World leaders meeting at the United Nations in New York denounced Russia’s invasion of Ukraine, as Moscow-installed leaders in occupied areas of four Ukrainian regions announced plans to hold referendums on joining Russia in the coming days.
In the apparently coordinated move, pro-Russian figures announced referendums for September 23-27 in Luhansk, Donetsk, Kherson and Zaporizhzhia provinces, representing around 15 percent of Ukrainian territory, or an area about the size of Hungary.
“The Russians can do whatever they want. It will not change anything,” Ukraine’s Foreign Minister Dmytro Kuleba said on Tuesday in response to reporters’ questions at the United Nations where leaders were arriving for a General Assembly meeting likely to be dominated by the war in Ukraine.
In a tweet, he added: “Ukraine has every right to liberate its territories and will keep liberating them whatever Russia has to say.”
If the referendum plan “wasn’t so tragic it would be funny,” French President Emmanuel Macron told reporters ahead of the UN assembly in New York.
Russian President Vladimir Putin on February 24 ordered what he calls a “special military operation” in Ukraine to root out dangerous nationalists. The war has killed thousands, destroyed cities and sent millions fleeing their homes in the former Soviet republic.
German Chancellor Olaf Scholz said Putin will only give up his “imperial ambitions” that risk destroying Ukraine and Russia if he recognises he cannot win the war.
“This is why we will not accept any peace dictated by Russia and this is why Ukraine must be able to fend off Russia’s attack,” Scholz said in his first address to the General Assembly.
Japanese Prime Minister Fumio Kishida told the assembly the UN’s credibility was in danger because of the invasion by Russia, a permanent member of the Security Council, and reforms of the UNSC were needed.
“Russia’s invasion of Ukraine is a conduct that tramples the philosophy and principles of the UN charter … It should never be tolerated,” Kishida said.
Justification to mobilise
Some pro-Kremlin figures framed the referendums for occupied regions as an ultimatum to the West to accept Russian territorial gains or face an all-out war with a nuclear-armed foe.
“Encroachment onto Russian territory is a crime which allows you to use all the forces of self–defence,” Dmitry Medvedev, a former Russian president and now hawkish deputy chairman of Putin’s Security Council, said on social media.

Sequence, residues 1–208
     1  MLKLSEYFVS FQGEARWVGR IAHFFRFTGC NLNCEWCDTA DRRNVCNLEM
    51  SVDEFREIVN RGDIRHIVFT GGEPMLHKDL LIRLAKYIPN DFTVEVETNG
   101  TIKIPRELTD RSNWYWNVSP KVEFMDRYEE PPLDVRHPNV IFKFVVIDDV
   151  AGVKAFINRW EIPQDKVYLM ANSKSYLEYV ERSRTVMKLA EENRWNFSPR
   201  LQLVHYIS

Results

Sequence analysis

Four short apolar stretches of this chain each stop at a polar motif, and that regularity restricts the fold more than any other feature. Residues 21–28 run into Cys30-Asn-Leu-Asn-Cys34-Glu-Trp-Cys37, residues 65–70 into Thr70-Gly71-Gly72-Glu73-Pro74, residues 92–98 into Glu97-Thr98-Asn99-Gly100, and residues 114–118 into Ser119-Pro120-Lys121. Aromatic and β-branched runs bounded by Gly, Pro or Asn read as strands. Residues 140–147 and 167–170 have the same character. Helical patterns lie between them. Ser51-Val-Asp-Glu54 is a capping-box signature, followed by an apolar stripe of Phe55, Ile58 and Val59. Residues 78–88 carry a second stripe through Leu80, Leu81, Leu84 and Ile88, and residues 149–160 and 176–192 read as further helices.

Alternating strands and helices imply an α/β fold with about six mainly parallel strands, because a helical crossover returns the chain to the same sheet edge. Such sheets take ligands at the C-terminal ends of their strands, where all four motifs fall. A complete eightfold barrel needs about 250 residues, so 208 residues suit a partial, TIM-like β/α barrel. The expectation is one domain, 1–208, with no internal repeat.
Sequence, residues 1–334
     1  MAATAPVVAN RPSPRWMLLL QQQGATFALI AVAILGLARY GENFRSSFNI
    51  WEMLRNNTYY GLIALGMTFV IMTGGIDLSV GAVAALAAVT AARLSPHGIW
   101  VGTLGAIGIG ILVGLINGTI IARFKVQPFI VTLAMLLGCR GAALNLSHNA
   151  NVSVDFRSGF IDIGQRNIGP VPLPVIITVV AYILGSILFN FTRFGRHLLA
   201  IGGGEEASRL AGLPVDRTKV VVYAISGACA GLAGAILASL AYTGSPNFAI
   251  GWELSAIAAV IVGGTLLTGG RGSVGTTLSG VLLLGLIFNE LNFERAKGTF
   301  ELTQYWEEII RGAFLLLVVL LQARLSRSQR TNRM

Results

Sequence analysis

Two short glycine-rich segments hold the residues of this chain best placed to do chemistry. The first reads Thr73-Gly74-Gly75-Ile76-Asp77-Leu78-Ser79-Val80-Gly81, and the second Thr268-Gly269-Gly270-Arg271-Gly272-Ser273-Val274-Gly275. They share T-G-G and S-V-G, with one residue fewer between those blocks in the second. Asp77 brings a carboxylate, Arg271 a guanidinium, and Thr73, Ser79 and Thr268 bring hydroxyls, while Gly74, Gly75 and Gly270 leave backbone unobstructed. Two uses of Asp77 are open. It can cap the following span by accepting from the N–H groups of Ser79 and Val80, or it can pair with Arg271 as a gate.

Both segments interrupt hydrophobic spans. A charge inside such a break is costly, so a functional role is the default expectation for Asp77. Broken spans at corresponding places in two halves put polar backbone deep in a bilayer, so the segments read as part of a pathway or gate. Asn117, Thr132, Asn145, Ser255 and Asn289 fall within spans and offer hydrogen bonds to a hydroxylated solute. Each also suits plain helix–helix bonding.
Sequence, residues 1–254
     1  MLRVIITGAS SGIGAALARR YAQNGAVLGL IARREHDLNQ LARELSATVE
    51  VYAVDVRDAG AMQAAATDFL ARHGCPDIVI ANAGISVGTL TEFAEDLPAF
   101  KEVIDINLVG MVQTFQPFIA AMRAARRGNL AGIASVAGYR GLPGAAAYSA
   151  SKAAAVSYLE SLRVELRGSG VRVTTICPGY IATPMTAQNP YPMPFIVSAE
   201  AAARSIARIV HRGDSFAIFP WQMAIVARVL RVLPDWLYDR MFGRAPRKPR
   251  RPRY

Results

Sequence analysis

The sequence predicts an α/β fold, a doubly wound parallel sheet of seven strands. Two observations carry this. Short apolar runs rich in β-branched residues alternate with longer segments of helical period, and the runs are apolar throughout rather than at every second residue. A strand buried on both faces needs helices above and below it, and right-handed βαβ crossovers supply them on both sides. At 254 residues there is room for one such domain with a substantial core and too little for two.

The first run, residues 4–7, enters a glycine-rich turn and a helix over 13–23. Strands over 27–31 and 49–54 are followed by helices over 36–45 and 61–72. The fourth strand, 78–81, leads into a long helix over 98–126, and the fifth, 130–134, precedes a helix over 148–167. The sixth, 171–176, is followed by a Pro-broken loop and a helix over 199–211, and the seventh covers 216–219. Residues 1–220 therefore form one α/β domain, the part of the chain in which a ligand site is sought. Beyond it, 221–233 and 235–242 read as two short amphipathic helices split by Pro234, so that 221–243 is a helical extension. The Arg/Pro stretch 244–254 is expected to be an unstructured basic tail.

Reframing the fighting in occupied territory as an attack on Russia could give Moscow a justification to mobilise its two million-strong military reserves. Moscow has so far resisted such a move despite mounting losses.
US National Security Adviser Jake Sullivan said Washington was aware of reports Putin might be considering ordering a mobilisation. That would do nothing to undermine Ukraine’s ability to push back Russian aggression, Sullivan said, adding that Washington rejected any such referendums “unequivocally”.
Russia already considers Luhansk and Donetsk, which together make up the Donbas region Moscow partially occupied in 2014, to be independent states. Ukraine and the West consider all parts of Ukraine held by Russian forces to be illegally occupied.
Russia now holds about 60 per cent of Donetsk and had captured nearly all of Luhansk by July after slow advances during months of intense fighting.
Those gains are now under threat after Russian forces were driven from neighbouring Kharkiv province this month, losing control of their main supply lines for much of the Donetsk and Luhansk front lines.
“The situation on at the front clearly indicates the initiative is with Ukraine,” Ukrainian President Volodymyr Zelenskyy said in a video address released early on Wednesday.
Ukraine’s position did not change because of “some noise” from Russia, Zelenskyy added in a reference to the referendums.
In Kherson, where the regional capital is the only major city Russia has so far captured intact since the invasion, Ukraine has launched a major counter-offensive.
In the south, Russia controls most of Zaporizhzhia but not its regional capital.
Vladimir Rogov, a Russian-appointed official in Zaporizhzhia, said becoming part of Russia would help solve the conflict more quickly.
“This will show people with full clarity that Russia is here to stay, forever,” he said on Telegram. “And they will take the necessary decision more quickly, lay down their weapons and cross over to the side of their people, their countrymen.”